Wednesday, January 01, 2014
Books Read in 2013
In Sunshine and In Shadow (Mark Helprin)
This may be my favorite novel by this wonderful author. It's about an unlikely New York City romance between a wealthy blue-blood singer/actress and a young Jewish man returned from the war to find his father's leather goods factory on the verge of financial ruin. There is something exquisite on every page of this book, whether it's in a character description, a circumstance, a well-crafted metaphor or a poignant moment. Fresh and so beautiful.
A Red Herring Without Mustard
I Am Half-Sick of Shadows (Alan Bradley)
I have a soft spot for 11-year-old detective Flavia DeLuce, a smarty-pants chemist who lives on a British estate her father can't afford to keep up. Her private lab, inherited from a dead ancestor and located in an unheated wing of the huge old house, is the site of her precocious criminal investigations. Especially delightful read aloud by British reader Jayne Entwhistle.
The ABC Murders (Poirot)
And Then There Were None
At Bertram's Hotel (Miss Marple)
Murder at the Vicarage (Miss Marple)
Halloween Party (Miss Marple)
When I'm in a hurry at the library, I grab an Agatha Christie for my audio selection. They are so reliably enjoyable and well-written. We listened to And Then There Were None on a road trip--my favorite of the ones I read this year--and the kids (the younger three) were totally engaged and intrigued. We didn't quite finish before the trip ended, so we sat around in the living room and listened to the final CD for another hour after we got home. (Unheard of!) Then we had to go research on Wikipedia to find that there are multiple film versions, and we wanted to watch them all. (Hmmm, we should get going on that project!)
La's Orchestra Saves the World (Alexander McCall Smith)
Set during World War II, this is a delicate story about a young woman, forced by circumstances to leave London and move to the countryside, who does what she can to support the war effort; she raises vegetables, works for a chicken farmer, and starts an orchestra.
O. Henry's Complete Short Stories
I love short stories, and O. Henry is a master. Deft character development and a surprising climax are features of most of his delightful tales of love, family, life, death and villainry.
Oliver Twist (Charles Dickens)
This delightful classic is a nice length for kids. Listened to this (a second time) on a short road trip with the younger three kids and they really enjoyed it the characters and story.
By The Shores of Silver Lake, The Long Winter, Farmer Boy (Laura Ingalls Wilder)
We are slowly getting through the Little House series! We keep taking breaks to read other books. I enjoyed Farmer Boy more this time around. It was so interesting to see the contrast between his family and Laura's, especially the comparative wealth and variety of food and clothing options that a stable farming way of life could bring. Makes you realize how much poor Ma gave up to move all over the West with Pa, starting over again every few years.
Huckleberry Finn (Mark Twain)
I grabbed the audiobook of Tom Sawyer at the library because our theater group was performing the musical version. I ended up listening to most of it alone, and I decided to follow it up with Huck Finn, which I had not read since I was in junior high, when I didn't enjoy it a bit. I think I was just desperate for reading material at the time, and I was probably too young for it. It's more of a convoluted tale than Tom Sawyer, and a more serious work. Tom Sawyer is tighter, more light-hearted and a better read for younger kids, but there is more meat for discussion in Huckleberry Finn.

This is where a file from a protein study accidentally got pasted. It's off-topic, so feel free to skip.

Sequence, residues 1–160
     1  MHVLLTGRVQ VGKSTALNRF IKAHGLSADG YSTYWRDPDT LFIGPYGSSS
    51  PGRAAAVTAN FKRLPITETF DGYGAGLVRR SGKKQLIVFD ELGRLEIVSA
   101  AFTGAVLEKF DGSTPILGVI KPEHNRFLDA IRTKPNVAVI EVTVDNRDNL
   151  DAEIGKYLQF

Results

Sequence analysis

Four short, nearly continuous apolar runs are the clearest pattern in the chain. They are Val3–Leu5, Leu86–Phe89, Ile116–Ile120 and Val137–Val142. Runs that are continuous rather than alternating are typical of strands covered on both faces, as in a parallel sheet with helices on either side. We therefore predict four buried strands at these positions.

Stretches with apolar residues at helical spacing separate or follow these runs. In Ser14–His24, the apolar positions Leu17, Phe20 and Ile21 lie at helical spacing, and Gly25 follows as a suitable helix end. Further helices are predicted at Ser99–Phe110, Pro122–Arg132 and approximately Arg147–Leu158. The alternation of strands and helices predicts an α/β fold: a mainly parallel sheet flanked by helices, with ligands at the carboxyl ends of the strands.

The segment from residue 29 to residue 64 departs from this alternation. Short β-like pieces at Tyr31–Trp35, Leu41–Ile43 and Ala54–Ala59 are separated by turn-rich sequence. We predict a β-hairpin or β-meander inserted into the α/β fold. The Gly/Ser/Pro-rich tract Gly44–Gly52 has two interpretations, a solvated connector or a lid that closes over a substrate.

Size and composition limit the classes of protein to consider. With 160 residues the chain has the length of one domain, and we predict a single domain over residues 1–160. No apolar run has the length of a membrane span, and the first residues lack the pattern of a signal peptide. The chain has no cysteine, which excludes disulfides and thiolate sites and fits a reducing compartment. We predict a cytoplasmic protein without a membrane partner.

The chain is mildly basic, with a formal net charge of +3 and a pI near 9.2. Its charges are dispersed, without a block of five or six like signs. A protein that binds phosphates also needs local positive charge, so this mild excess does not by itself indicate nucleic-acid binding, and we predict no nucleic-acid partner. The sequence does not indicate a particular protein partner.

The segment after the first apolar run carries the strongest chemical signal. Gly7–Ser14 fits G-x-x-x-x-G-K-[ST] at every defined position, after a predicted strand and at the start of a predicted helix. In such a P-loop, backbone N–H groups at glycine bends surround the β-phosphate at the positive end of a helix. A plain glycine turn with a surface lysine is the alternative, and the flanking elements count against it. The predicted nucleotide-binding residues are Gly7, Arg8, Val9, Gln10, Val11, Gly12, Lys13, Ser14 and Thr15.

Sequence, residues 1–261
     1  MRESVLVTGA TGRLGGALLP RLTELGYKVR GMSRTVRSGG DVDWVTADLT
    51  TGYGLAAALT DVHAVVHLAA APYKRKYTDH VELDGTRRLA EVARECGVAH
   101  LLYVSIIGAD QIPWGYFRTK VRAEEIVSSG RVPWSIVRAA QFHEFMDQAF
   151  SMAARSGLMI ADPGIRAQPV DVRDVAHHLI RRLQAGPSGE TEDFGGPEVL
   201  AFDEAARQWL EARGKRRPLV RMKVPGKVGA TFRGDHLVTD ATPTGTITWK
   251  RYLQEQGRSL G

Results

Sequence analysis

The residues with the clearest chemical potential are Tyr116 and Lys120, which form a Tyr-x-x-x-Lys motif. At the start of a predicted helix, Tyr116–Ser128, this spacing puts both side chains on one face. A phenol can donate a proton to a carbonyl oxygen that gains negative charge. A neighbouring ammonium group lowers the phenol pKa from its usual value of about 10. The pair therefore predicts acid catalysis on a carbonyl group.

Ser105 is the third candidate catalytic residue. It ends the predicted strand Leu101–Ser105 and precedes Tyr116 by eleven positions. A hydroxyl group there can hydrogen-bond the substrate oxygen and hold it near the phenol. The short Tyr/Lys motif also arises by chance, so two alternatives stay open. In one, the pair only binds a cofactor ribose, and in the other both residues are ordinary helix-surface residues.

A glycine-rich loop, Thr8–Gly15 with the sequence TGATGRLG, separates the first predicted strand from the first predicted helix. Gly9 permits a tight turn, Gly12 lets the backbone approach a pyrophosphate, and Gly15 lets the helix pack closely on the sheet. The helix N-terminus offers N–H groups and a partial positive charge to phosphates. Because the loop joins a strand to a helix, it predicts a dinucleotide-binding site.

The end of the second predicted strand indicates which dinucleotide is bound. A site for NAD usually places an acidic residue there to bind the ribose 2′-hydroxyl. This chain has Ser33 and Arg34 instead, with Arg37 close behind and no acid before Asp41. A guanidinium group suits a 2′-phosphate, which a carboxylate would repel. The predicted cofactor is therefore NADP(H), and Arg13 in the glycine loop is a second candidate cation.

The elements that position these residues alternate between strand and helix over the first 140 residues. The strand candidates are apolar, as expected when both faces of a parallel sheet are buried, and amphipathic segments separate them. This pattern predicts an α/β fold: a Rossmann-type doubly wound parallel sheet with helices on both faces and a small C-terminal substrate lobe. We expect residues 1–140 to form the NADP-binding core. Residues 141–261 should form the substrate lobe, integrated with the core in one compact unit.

Redemption series (Redemption, Remember, Return, Rejoice, Return)
Firstborn series (Fame, Forgiven, Found, Family, Forever)
Sunrise series (Sunrise, Summer, Someday, Sunset)
When Joy Came To Stay
Obviously I was on a Karen Kingsbury kick here for awhile! I had read the Firstborn series before--it's about the director of a youth theater group patterned after the one my kids are involved in--and I had always meant to read the Redemption series, which came before. So I snapped it up when someone offered it to me, and then I had to re-read the Firstborn series and follow the characters on through the Sunrise series. These are moving stories about believable characters facing real-life tests of faith and family. I was not crazy about The Chance--seemed so contrived--but When Joy Came to Stay was a well-framed story about mental health issues (depression) and the power of transparency before God and man.
Chitty Chitty Bang Bang (Ian Fleming)
The three younger kids and I really enjoyed listening to this on a road trip. It was interesting to compare the book with the movie and discuss why the film makers made some variant choices in order to make a better movie than if they had stuck to the book.
The Art Thief (Noah Charney)
This audiobook was near the Agatha Christies in the library, and I took a chance on it because I enjoy art books and mysteries, and this was both. As a mystery it was just okay. But since the author is a professor of art history and an expert in art criminology, and he managed to lecture a good bit one way or another, I found it an interesting read about art, artists and art thieves.
The Little White Horse (Elizabeth Goudge)
For years I've had this little gem on my shelf and never read it! So glad I finally did. I can see why J.K. Rowling called it her favorite book that she read as a child. There was not much about the horse--to my slight disappointment, since I loved horse books as a child--but it's a most satisfying fairytale filled with wonderful characters, a castle, a cottage and more. Delightful; I can't wait for Chicklet to read it.
The House of Dies Drear (Virginia Hamilton)
Another road-trip audiobook. The younger three really liked this because of the ghostly hauntings and the mystery aspect; I thought the treatment of blacks in 1968 was well-described and thought-provoking. Educational and entertaining--a win-win.